1. This is an appeal brought by the defendants Messrs. Saxena and Co., against an order passed by a learned Subordinate Judge of Delhi refusing to set aside an award made in favour of the plaintiff during the course of a suit for the recovery of a sum of Rs. 10,000/-.
2. In 1946 Saxena and Co. purchased two lacs of parachutes worth Rs. 32,00,000/- for a Mr. King from the Disposals Department. They were to be paid a commission of one rupee percent, which worked upto Rs. 32,000/- and this commission was to be shared half and half between the plaintiff Damodar Parshad Gupta and the defendants.
For some reason or another King did not take over this bargain and the parachutes were purchased by Messrs. Milkhi Ram and Bros. of Bombay on or about 23-7-1946 with the consent of King and it was arranged by the plaintiff and the defendants to make delivery of parachutes to. Messrs Milkhi Ram and Bros. On 23-7-1946 a cheque for Rs. 10,000/- was issued by Messrs. Saxena and Co, in favour of Damodar Parshad Gupta which was presented to the Bank in January 1947 but it was dishonoured on the 16th January on the ground that the drawer had stopped payment.
Meanwhile on 13-8-1946 Saxena and Co., gave a cheque for Rs. 5,000/- to Damodar Parshad Gupta which it is how alleged was in full and final settlement of Gupta's share in the commission. Damodar Parshad Gupta then brought a suit for the recovery of Rs. 10,000/- on the basis of this cheque on 29-7-1949. As a result of the pleas of the defendants several issues were stated by the learned Judge.
3. On 8-1-1952 the suit was referred to the arbitration of Mr. B. S. Soni, a chartered accountant of Chandni Chowk, Delhi, who made an award on the 11th March in favour of the plaintiff. The objections filed by the defendants against the award were overruled and a judgment was passed in accordance with the award and a decree followed. In the deed of reference there was a clause to the following effect-
'The award of the arbitrator whether with or without enquiry made within one month from today shall be final and binding on the parties, and it will not be open to any objection. It would be in the sole discretion of the arbitrator to take evidence or not to hear any party or not, and to arrive at his decision in any way he likes, even behind the back of both or either of the parties. The fee of the arbitrator to be fixed by the Court will be borne by the defendants.'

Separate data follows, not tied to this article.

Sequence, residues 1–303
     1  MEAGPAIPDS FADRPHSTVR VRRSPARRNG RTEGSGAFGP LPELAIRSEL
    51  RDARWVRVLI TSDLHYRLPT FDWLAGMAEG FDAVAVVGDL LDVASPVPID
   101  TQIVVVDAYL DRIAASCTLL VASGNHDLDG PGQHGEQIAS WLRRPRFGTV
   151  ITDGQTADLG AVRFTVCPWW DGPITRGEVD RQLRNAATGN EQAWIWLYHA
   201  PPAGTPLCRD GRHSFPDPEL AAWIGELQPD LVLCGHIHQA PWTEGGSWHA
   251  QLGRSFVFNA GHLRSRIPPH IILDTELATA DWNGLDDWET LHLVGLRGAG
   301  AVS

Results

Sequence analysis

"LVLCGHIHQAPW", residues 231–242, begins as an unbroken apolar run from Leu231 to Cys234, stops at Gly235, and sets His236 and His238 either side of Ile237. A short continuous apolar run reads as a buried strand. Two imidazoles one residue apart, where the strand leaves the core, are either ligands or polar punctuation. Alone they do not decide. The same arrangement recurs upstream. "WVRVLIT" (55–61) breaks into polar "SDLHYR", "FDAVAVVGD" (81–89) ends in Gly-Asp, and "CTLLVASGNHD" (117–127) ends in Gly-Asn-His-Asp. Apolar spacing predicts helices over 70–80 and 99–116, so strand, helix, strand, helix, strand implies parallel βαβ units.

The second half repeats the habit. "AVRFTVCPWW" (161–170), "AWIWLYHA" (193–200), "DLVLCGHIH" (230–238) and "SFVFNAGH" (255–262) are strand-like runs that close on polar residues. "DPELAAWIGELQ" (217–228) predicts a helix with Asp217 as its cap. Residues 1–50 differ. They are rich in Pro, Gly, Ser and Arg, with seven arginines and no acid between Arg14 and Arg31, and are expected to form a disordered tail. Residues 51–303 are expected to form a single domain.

4. The real question raised in trial Court was that the defendants did not get an adequate opportunity for putting their side of the case before the arbitrator and that the proceedings had been taken ex parte which vitiated the award. The learned Judge was of the opinion that the arbitrator was justified in proceedings ex parte.
5. Two questions have been debated before me,(1) that the arbitrator has misconducted himself as he proceeded ex parte without reasonable cause and (2) (which was raised by the respondent) that in' terms of the agreement he need not have heard the defendants at all.
6. The record of proceedings before the arbitrator shows that a notice was given for the appearance of the parties for 16-2-1962 and the parties were on that day present or represented and at the request of the defendants the case was adjourned to the 23rd February for the production of certain documents and on the 23rd February an adjournment was given at the request of the parties for a compromise. The next date of hearing was 29-2-1952.
There was no compromise and the arbitrator issued notice to the parties to appear on 1-3-1952 on which date the plaintiff appeared but the defendants did not. The defendants' Advocate Mr. Shiv Dayal Mehra applied for an adjournment to the second week of March as the notice was short and evidence could not be arranged for 1-3-1952 but the case was adjourned to 8-3-1952. This notice reached the defendants at Bombay on 3-3-1952. The defendants deny that this notice was received, but the learned Judge has found against them, and I think rightly.